There are three paying exhibitions at Tate Modern at the moment. The Damien Hirst exhibition is being widely advertised and has been the subject of a lot of media attention. Of the other two, the Yayoi Kusama seems to have generated the most discussion. Hirst is of course a household name and Kusama was already firmly in the consciousness of Londoners with an interest in contemporary art following Walking in my Mind at the Hayward Gallery in 2009 which was heavily centred on her work, indeed her polka dot wrapping of the trees along the South Bank ensured that her work also reached a signifcant non-art audience. The Hirst and Kusama exhibitions are also the ones making the most – visual – noise in the gallery, and while the Hirst was proved mercifully quieter than I had expected when I visited, they do seem to be attracting the bigger crowds.
There were things I liked about the Hirst – it was good to see those early works again and entertaining to stare in horror at the worst excesses of his more recent output – and I really liked the Kusama exhibition (at some stage I may well write about both) but it’s the other show – Alighiero Boetti: Game Plan – that I found by far the most inspiring.
In the late 1960s, Boetti was part of the Arte Povera movement in Italy, making art from unexpectedly ordinary – poor – materials. Though Tate Modern staged a major exhibition of Arte Povera work from the 1960s and early 70s in 2001, and usually includes work by these artists in its collection displays, and though other Arte Povera artists have been the subject of notable exhibitions in London in the last few years (such as Michelangelo Pistoletto at the Serpentine and Pino Pascali at Camden Arts Centre, both in 2011), this is the first real survey of Boetti’s work here. And it’s quietly fascinating.
Boetti is can’t just be defined as an Arte Povera artist though – he rejected the definition in the early 1970s – so that although Game Plan opens with work that is seen as falling within that movement, the show also is primarily based around his later work which defies such categorisation. The work is interesting in many ways and for many reasons and as usual I’m not going to attempt to do more than write about a couple of works. There was a lot here to like though so there’s every reason to suspect I’ll come back to Boetti again; the maps in particular seem likely to work their way in here at some point and I reckon Boetti may creep into a post about artists using other people to make the work. For today though I’s all about Boetti and the biro. And commas, I especially liked the commas.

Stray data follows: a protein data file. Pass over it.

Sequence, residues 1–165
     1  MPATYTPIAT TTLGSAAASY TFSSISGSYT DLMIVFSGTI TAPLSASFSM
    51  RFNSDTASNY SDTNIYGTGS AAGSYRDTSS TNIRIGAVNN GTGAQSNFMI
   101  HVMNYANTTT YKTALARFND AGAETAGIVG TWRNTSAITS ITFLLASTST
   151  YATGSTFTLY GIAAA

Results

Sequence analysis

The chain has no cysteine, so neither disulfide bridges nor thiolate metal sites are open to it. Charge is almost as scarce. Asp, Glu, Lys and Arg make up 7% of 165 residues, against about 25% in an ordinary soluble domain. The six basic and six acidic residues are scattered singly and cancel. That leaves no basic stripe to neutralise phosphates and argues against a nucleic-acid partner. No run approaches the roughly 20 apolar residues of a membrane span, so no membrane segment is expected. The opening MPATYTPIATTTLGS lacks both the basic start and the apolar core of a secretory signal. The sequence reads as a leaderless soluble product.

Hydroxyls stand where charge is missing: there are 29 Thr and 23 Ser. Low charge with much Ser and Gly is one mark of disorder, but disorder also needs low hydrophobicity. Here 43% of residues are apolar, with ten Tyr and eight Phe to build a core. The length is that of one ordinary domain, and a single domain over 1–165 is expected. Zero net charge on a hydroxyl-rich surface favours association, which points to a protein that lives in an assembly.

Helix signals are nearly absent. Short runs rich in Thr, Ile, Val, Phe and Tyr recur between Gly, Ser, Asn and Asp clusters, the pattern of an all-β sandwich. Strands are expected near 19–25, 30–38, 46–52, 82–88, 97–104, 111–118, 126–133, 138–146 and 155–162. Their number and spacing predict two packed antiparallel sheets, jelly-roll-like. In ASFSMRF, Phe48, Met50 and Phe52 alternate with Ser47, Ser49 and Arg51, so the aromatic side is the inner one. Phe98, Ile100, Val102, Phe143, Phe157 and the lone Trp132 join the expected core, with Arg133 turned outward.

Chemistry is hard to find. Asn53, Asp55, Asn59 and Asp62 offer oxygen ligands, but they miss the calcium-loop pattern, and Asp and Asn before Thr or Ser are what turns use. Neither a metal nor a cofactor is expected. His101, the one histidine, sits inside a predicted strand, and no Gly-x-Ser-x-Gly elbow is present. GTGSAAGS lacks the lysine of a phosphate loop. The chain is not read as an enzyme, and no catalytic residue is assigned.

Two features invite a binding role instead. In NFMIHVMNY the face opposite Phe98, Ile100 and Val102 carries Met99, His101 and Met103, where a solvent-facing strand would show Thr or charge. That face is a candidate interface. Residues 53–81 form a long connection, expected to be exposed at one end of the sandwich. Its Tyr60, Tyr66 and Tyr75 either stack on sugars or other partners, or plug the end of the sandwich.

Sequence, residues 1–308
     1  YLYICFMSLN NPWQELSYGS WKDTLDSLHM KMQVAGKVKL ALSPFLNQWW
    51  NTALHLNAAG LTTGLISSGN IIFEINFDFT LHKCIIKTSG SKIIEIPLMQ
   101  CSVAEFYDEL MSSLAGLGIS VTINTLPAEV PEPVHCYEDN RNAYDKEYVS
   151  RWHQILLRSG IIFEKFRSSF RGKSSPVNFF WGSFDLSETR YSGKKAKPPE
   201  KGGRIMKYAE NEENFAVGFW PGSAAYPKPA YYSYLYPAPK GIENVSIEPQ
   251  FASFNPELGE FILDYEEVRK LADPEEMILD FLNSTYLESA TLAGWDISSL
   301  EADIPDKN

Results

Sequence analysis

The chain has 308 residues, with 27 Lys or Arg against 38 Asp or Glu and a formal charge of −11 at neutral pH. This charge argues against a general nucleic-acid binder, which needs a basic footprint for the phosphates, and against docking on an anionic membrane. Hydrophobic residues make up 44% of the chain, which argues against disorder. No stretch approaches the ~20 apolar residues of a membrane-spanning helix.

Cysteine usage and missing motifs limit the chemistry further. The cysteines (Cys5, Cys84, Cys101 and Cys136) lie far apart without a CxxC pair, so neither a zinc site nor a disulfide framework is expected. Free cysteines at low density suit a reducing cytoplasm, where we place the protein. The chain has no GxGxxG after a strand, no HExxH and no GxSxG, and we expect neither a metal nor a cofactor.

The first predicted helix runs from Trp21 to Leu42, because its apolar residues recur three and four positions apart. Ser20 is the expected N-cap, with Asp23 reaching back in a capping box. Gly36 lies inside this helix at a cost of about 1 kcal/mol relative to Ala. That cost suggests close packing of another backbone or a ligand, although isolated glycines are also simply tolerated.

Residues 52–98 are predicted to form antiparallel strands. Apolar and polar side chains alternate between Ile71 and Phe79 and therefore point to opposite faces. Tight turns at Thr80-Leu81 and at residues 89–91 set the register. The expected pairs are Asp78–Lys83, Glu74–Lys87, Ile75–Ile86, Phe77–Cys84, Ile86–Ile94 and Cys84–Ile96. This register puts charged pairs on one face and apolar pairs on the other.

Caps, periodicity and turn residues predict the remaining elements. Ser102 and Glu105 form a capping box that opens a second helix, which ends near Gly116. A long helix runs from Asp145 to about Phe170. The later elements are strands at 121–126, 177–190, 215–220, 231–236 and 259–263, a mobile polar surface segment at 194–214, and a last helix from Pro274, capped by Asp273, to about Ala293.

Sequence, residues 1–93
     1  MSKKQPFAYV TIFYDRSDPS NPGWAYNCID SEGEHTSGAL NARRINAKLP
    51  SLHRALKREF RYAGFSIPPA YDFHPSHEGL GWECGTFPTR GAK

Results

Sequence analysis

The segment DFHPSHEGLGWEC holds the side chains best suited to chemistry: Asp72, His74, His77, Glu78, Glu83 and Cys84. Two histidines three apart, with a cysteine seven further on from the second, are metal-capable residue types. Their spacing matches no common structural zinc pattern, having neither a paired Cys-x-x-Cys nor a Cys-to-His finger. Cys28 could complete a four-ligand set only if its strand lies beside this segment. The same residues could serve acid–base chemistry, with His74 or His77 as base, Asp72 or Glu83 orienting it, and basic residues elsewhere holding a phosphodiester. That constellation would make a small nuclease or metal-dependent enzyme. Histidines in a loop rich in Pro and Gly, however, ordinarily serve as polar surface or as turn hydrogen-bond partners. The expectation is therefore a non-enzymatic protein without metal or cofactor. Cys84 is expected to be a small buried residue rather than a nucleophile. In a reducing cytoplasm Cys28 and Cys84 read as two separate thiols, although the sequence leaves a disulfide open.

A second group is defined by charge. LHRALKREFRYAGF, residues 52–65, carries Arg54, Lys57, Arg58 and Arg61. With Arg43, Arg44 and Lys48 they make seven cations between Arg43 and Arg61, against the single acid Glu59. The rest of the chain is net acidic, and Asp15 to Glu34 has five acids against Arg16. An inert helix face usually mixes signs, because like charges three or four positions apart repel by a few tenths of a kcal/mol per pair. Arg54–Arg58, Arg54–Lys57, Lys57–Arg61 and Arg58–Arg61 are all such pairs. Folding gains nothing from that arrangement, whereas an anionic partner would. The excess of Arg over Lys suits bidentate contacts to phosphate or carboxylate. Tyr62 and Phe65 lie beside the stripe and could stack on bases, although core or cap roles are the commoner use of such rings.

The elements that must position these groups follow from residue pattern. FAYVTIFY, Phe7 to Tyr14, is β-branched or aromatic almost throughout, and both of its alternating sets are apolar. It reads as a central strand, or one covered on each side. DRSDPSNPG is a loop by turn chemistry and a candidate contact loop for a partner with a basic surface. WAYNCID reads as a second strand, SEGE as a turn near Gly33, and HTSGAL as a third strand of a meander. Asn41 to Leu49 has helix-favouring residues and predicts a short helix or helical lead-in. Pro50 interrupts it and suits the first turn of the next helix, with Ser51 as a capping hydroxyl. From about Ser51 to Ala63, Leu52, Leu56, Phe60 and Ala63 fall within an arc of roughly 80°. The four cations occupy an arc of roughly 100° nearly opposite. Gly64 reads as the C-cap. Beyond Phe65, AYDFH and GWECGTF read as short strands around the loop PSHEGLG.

Boetti made a number of works using biro inclusing a series of large scale drawings – for want of a better description – based around text and called Mettere Al Mondo Il Mondo (or Bringing the World into the World) which include the alphabet at the top or side of the work with a mass of scrawl. The only legible symbols are the commas, white space cut into the sea of blue biro, which punctuate the space and, in conjunction with the letters at the side or top of the page, allow the work to be decoded and become the text of the title.
The scale of these pieces is part of what makes them work so well for me – I’m not sure I’ve come across other examples of biro drawings on this scale, but they’re to be encouraged in my book – but the real fascination is in Boetti’s use of pattern and code, something that recurs throughout the exhibition. There is something mesmerising about these works that comes in the main from the intensity and repetitious nature of the marks and the negative space of the commas that punctuate the space.
Elsewhere in the exhibition there are other works that have much in common with the biro text pieces – there are key approaches that Boetti used repeatedly – including other large scale biro pieces such as Aerei (orAirplanes), and biro sky wildly overcrowded with planes of many types.
Boetti’s work uses systems, patterns and codes in a way that is absorbing and at times funny. The work is highly conceptual but though the hand of the artist is generally absent nonetheless the work has real warmth. This is a show that gave me a lot to think about. This is work that speaks quietly but it’s well worth listening to.